Why Oregon’s new overtime caps need a second look
A recent Oregonian/OregonLive story put a spotlight on the decline in manufacturing hours worked in recent months. The story highlighted pressures from global trade tensions, as well as an overall global decline in growth in the industry. The story also briefly mentioned another factor that could be weighing on the data and contributing to one of the steepest declines in manufacturing hours worked in the country: Oregon’s new overtime restrictions.
Lawmakers passed a new law in 2017 that capped the number of hours manufacturing workers are allowed to work during a seven-day period. While this law does not apply to all manufacturing workers in the same way, it did make it illegal for many employees to work more than 60 hours per week, even on a voluntary basis.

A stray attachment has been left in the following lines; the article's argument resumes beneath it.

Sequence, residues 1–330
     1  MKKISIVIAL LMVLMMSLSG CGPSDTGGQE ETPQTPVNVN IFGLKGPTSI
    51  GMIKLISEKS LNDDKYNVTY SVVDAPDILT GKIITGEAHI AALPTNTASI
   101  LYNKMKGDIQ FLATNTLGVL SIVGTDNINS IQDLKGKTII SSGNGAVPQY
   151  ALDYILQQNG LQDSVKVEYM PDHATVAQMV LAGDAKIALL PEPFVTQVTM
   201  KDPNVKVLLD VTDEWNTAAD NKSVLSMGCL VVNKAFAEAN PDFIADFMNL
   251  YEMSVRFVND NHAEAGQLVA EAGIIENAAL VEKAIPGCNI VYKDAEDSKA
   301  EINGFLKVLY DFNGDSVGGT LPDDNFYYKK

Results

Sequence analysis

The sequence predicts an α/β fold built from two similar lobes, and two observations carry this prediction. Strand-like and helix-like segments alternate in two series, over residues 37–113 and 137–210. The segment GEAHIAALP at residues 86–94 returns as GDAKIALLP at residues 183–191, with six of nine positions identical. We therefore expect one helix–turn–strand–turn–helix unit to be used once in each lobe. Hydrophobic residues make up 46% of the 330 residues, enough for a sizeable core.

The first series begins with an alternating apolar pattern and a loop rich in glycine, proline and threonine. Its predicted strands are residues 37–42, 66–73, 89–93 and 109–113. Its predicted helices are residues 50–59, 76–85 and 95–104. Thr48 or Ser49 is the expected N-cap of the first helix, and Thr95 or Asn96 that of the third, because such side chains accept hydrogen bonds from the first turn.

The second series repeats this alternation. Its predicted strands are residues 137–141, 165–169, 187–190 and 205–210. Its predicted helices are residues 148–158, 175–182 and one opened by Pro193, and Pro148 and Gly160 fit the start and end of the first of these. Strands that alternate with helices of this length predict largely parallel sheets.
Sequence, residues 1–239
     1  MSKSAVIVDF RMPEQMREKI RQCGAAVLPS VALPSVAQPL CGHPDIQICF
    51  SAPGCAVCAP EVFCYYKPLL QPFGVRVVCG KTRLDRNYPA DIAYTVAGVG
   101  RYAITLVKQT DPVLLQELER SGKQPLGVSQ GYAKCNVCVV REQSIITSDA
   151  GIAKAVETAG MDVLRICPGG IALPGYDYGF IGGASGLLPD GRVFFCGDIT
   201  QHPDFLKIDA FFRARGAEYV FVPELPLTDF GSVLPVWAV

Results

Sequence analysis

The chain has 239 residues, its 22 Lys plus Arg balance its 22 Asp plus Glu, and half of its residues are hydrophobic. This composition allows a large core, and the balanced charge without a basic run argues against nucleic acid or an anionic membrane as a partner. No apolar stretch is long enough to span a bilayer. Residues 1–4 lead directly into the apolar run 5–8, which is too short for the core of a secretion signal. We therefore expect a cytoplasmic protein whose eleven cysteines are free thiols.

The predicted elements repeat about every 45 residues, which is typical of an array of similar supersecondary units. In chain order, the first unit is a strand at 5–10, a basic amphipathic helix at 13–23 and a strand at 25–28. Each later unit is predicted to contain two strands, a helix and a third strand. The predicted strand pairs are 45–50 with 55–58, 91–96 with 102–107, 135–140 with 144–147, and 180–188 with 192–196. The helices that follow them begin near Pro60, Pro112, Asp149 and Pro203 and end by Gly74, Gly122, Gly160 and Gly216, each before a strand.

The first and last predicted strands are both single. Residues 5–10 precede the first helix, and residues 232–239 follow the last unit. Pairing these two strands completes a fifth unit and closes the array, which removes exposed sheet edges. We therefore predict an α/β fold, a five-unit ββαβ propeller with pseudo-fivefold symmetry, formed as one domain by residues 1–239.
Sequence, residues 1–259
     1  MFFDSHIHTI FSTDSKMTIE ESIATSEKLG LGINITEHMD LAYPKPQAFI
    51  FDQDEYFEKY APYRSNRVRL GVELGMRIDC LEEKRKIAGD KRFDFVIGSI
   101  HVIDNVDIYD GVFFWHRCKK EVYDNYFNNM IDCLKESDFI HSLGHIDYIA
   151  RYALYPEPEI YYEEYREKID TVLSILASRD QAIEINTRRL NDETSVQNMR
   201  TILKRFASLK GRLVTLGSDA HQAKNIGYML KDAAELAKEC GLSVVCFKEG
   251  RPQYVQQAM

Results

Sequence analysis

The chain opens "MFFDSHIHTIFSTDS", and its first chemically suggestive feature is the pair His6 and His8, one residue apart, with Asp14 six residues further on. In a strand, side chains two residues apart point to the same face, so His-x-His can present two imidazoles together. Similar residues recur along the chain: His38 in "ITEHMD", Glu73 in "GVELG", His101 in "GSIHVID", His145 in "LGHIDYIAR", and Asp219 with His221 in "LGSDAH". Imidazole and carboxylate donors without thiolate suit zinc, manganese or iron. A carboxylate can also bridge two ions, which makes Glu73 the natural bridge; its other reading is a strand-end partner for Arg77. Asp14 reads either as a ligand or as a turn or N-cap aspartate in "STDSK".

The law has had negative impacts on employers and employees alike. Employers, who are desperate for man hours amid a chronic shortage of skilled workers, are finding it even more difficult to fill shifts. Employees, on the other hand, are now prohibited from working extra hours and earning extra income.
As Oregon’s manufacturing sector begins to show signs of weakness, our state’s overtime caps deserve a second look. Two bills (HB 2175, SB 110) introduced during the 2019 legislative session would have provided reasonable changes to the current law, providing workers with the option to earn extra income while providing employers with greater flexibility when it comes to filling shifts. Unfortunately, neither bill received a hearing from lawmakers.
The concept will likely be introduced next year when lawmakers return to Salem to convene the 2020 session. Legislators would be wise to give the proposal the consideration it deserves and work to restore workers’ ability to work and earn more money while also protecting one of the state’s most vital industries from any further slowdown.